With anxieties over the nuclear activities of North Korea and Iran looming large, heads of state from 53 countries convened in Seoul this week to reaffirm and intensify their commitment to prevent nuclear materials from getting into the hands of terrorists.

At the meeting, a follow-on to the 2010 Nuclear Security Summit held in Washington by President Obama, several countries agreed to concrete steps to limit the use of highly enriched uranium in civilian nuclear reactors. Major breakthroughs, however, were in short supply. In a Q&A, Mark Hibbs explains that this incremental approach of small steps by like-minded countries is expected to continue in the years ahead. There’s little political will for setting up a binding and comprehensive global nuclear security framework.

What was the purpose of the security summit?

Mark Hibbs
Hibbs is a Germany-based nonresident senior fellow in Carnegie’s Nuclear Policy Program. His areas of expertise are nuclear verification and safeguards, multilateral nuclear trade policy, international nuclear cooperation, and nonproliferation arrangements.
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The meeting was held to build on the understandings and commitments of the 47 countries that participated in the 2010 summit to secure nuclear materials against loss, theft, and misuse.

Like the first meeting, the Seoul summit had two main components. The first was a communiqué, agreed to by all participants, which identified a dozen specific target areas needing attention. The second was a set of specific commitments made by states to improve the security of their nuclear materials and installations.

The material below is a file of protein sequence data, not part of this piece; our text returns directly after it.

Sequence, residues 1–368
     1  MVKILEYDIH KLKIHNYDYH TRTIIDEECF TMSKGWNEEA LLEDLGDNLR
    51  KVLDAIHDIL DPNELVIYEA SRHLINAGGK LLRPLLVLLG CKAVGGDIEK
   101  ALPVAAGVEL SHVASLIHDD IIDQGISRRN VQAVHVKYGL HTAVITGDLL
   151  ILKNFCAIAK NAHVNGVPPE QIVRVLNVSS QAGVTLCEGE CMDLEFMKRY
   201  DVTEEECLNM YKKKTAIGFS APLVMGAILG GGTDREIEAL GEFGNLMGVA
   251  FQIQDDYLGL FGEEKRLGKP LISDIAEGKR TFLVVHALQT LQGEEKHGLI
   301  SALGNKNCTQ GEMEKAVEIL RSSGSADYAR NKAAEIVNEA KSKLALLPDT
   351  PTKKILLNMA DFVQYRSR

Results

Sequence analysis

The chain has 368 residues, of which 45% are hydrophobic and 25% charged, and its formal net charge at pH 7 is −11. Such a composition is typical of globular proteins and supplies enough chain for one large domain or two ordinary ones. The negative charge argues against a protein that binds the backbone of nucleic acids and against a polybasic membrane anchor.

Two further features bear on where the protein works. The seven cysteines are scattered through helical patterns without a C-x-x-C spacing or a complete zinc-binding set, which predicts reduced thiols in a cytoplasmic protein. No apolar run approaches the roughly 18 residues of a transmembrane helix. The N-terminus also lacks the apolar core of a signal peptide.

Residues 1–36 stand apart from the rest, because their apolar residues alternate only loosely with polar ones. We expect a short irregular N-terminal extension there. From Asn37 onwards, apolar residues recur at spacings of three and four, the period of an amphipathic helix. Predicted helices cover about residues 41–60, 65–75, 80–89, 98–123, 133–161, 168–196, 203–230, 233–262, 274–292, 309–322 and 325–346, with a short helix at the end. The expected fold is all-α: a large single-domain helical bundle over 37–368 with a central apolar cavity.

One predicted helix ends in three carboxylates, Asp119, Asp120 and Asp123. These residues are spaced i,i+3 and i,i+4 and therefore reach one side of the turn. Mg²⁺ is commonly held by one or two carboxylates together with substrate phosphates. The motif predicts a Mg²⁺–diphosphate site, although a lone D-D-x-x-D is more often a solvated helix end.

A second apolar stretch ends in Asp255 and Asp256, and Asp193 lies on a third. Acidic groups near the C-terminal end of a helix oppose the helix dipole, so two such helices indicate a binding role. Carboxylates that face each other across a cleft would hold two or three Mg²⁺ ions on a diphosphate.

The communiqué, for example, aspired to minimize the use of highly enriched uranium; to bring into force in 2014 an amended international convention to protect nuclear materials against loss or theft during transport and use; and to protect sensitive information, vital to the defense of nuclear installations and materials, against theft and cyber attacks.

Specific national commitments included a joint program by Belgium, France, South Korea, and the United States to develop low enriched uranium fuel for high-powered research reactors around the world, which, if successful, would mean reactors would not need uranium enriched to nuclear weapons grade. Three of these countries, along with the Netherlands, also agreed on a coordinated plan to use newer and less sensitive uranium fuel in their reactors for the commercial production of medical isotopes.

What threat does unsecured nuclear material pose? How likely is a nuclear terrorist attack?

Terrorists could obtain knowhow needed for making a nuclear weapon and steal the highly enriched uranium or plutonium to make a bomb. Even more likely, perpetrators could obtain less protected radiological materials—from discarded medical sources, for example—to fashion a crude explosive device that could scatter dangerous radioactive material in a densely populated area. In addition, terrorists could use sabotage and deception to cause a severe accident at a nuclear power plant.

Just a few kilograms of weapons-grade uranium or plutonium are sufficient to yield a nuclear explosion. But the world inventory of weapons-grade uranium is about 1,600 tons and the inventory of plutonium is about 500 tons. Most of this material is in the hands of a few states that have nuclear weapons, but some of it is used in states without the high-security infrastructure associated with national nuclear defense programs. Over the last forty years, some civilian nuclear programs have continued to separate more plutonium than what can be used to generate electricity in reactors. More than 20 tons of weapons-grade uranium is used for civilian purposes in states without nuclear weapons. There are probably several hundred thousand items containing radiological materials worldwide.